Eye For Film >> Movies >> Goddess (2013) Film Review
Reviewed by: Amber Wilkinson
Mark Lamprell's energetic if not entirely successful musical romance is almost certain to be rendered critic-proof by the presence of Ronan Keating's bare behind in its first acting role. The good news is that it doesn't need to be.
The former Boyzone star brings that impressive part of his anatomy along with a doe-eyed, Irish twinkle to the role of James, a dad of twins who spends chunks of his life at sea charting whales and worrying about global warming. Meanwhile, his wife Elspeth (Laura Michelle Kelly), stays at home doing the dishes and generally playing mum. Given his high-profile split from his own wife, you certainly can't fault Keating's bravery in taking on a role in a troubled marriage - although this is less a film about the absentee dad, than about Elspeth's lack of general contentment. Frustrated by her isolation, not to mention one son's obsession with wings and the other's inability to poo, she decides to set up a webcam in her kitchen to record "sink songs", detailing the ins and outs of her life. Topics covered by her domestic ditties include the need to "have a tantrum of my own" and being "on the brink of madness". Little does she realise that as she is putting the kitsch into kitchen sink, her videos are going viral on the web.
This being Fantasy Film Land, it isn't long before corporation bigwig Cassandra (Magda Szubanksi, more camp than Glastonbury) steps in to sign her up for an ad campaign. Although it means heading to the city, the opportunity is too good to miss and Elspeth leaves her webcam as a hidden nanny monitor and heads off. Naturally, things don't exactly go according to plan and if Elspeth's homesickness isn't enough, she also doesn't realise she's broadcasting her nanny-cam - complete with her semi-naked other half, who has returned home unexpectedly - to the world.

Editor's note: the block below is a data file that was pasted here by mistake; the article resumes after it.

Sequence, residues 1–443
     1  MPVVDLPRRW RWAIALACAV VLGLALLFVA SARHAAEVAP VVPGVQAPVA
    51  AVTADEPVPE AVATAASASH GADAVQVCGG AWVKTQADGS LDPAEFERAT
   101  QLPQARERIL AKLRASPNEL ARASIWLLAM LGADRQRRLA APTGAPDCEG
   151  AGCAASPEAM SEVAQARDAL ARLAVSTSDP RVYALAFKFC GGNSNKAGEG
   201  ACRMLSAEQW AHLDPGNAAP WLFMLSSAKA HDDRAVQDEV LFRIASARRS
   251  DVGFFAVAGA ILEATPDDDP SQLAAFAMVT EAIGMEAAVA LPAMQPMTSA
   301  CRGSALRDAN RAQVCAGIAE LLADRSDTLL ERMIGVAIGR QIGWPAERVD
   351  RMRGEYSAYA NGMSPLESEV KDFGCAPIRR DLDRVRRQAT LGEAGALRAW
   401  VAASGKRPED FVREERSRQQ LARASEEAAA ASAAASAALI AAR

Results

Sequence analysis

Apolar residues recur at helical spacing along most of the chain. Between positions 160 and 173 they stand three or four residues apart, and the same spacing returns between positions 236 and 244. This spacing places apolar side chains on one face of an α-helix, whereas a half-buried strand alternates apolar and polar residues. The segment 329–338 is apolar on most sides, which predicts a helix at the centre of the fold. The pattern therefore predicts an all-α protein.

Low on pretension and big on charm, Lamprell's film is infectiously feel-good even if the level of acting doesn't quite match up to Kelly and Keating's ability to belt out a decent tune. Bryony Marks' songs are by turns, endearingly frothy and suitably sentimental - particularly the toe-tapping Let's Have A Party. Aside from one or two nice swooping shots - such as an initial scene skit on The Sound Of Music - Lamprell's TV pedigree shows, with more intimate moments, particularly those of people watching Elspeth on the internet, feeling flat and stagey. Still, the domestic setting has a decent ring of truth and Kelly's high energy and Keating's winsome smile will go a long way with Mamma Mia and Priscilla Queen Of The Desert fans. In fact, everyone is so darned nice without being soppy, that it's even likely to win over waverers.Reviewed on: 15 Sep 2012